“O’Reilly’s ouster is yet another reminder that the profit motive can itself be an agent of change,” writes cultural commentator Megan Garber, arguing that firing O’Reilly serves the company’s long-term interest, in her O’Reilly piece in The Atlantic. Maybe so, and certainly advertising revenue was declining after the report was published and it’s 21st Century Fox’s right to run their business. They may have reason to think Bill O’Reilly, who built the brand for 21 years, may have done wrong. But if not, and they fired a journalist based on insinuation without regard to facts, it is an injustice that ought to concern everyone. Because if a top TV host can be smeared and brought down in America without evidence, without going to court, with not a single confirmed assertion of wrongdoing, so can you and me. Mass mobilization of public opinion to pressure a company to fire top talent, whether Bill O’Reilly or Brian Williams, has potential to silence the free press.

If you value freedom of speech, you should consider the possibility that Bill O’Reilly is an innocent man who has been unjustly maligned.

Fox News and Facebook in Ohio

Last night’s spectacle in Ohio, billed as the first 2016 presidential election debate, was a farce.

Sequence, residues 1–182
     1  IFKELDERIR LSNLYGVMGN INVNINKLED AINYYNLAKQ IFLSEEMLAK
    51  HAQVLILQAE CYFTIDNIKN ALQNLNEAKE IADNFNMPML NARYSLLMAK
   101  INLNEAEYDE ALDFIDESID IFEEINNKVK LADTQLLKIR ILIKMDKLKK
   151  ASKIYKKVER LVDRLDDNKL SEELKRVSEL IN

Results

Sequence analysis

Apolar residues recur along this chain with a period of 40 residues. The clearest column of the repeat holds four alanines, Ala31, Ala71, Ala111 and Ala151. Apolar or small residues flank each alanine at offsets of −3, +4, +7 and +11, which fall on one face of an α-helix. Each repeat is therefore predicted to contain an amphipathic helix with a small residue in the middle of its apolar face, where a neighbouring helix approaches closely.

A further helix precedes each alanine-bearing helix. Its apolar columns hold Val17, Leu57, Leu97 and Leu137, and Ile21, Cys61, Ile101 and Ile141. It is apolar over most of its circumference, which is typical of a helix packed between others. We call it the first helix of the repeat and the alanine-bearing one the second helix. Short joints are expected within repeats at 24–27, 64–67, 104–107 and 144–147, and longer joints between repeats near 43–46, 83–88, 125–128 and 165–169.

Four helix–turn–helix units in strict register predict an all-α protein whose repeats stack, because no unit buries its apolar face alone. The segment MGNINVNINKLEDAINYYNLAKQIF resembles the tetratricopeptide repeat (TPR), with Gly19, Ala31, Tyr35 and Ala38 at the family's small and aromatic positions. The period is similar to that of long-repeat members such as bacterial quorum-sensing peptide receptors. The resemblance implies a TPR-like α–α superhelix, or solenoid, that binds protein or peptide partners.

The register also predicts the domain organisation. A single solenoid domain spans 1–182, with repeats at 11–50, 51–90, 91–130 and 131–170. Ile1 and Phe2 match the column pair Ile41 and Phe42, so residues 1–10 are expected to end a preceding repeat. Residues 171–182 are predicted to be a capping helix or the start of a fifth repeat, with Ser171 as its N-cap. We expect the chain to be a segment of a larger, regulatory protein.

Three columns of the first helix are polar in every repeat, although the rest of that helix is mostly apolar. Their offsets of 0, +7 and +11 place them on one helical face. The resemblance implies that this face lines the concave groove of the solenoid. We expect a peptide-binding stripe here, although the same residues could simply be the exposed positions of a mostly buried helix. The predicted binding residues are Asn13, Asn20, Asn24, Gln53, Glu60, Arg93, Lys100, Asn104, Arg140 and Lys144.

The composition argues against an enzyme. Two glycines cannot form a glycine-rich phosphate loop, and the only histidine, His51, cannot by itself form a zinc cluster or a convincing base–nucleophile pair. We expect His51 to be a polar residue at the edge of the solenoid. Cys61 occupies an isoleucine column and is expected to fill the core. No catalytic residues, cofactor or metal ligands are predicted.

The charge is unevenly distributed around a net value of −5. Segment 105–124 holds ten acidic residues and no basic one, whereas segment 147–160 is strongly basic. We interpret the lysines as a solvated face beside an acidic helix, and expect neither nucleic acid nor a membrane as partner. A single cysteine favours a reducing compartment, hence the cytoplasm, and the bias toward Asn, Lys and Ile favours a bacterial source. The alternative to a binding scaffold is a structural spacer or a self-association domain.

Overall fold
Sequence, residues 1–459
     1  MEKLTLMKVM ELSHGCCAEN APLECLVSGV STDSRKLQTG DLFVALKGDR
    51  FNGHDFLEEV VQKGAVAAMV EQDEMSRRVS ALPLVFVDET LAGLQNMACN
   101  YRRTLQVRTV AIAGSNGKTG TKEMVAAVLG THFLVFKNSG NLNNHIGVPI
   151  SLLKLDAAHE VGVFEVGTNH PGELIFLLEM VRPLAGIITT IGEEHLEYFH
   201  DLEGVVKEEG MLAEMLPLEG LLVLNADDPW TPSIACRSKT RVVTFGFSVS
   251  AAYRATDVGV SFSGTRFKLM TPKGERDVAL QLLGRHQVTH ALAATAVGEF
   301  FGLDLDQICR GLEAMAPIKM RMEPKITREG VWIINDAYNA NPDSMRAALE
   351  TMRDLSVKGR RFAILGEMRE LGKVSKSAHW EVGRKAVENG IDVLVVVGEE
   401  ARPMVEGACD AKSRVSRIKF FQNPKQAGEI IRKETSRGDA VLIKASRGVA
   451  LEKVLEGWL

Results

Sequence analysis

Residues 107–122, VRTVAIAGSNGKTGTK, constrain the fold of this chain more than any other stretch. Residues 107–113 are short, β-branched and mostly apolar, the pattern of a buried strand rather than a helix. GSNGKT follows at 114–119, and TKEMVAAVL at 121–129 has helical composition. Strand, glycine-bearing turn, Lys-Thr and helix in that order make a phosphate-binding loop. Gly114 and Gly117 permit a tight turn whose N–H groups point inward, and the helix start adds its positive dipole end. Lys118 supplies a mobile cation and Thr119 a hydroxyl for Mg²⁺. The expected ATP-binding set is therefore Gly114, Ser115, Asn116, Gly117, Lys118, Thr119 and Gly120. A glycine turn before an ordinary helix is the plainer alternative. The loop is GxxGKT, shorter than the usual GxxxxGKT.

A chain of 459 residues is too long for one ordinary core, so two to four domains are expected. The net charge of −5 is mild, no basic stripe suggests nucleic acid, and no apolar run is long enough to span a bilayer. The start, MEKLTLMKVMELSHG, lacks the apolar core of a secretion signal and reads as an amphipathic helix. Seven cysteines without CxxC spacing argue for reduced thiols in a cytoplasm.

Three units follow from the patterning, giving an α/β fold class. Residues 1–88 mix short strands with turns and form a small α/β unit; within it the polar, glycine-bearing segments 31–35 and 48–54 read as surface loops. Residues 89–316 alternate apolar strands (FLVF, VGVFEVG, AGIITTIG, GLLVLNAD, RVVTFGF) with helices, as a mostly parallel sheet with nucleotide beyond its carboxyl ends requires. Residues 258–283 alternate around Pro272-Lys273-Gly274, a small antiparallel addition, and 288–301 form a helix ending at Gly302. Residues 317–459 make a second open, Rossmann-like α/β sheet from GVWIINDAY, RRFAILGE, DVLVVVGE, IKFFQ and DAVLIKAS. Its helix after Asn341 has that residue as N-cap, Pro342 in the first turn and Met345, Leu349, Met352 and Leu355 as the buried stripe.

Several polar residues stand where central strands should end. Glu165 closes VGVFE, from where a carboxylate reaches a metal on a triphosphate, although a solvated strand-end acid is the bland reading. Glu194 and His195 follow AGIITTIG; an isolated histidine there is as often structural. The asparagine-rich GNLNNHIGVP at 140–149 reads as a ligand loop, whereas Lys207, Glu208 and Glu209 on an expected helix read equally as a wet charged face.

The top-polling Republican candidates from the current field of 17 were emasculated in the Fox News event, which was a ratings winner and an awful piece of broadcasting. The event (it can’t reasonably be called a debate) was run by three Fox News program hosts (Bret Baier, Megyn Kelly and Chris Wallace) and co-sponsored by Facebook. An earlier event with other Fox News people and other candidates was also held.

Candidates quipped, firing off lines to no particular effect. A woman named Carly Fiorina who used to run Hewlett-Packard with dubious results and once ran and lost a U.S. Senate race in California apparently dominated a lackluster field in the more congenial mini-spectacle. In the main event, drawing attention chiefly for the prospect of watching the unfiltered Donald Trump, the spectacle was pathetic.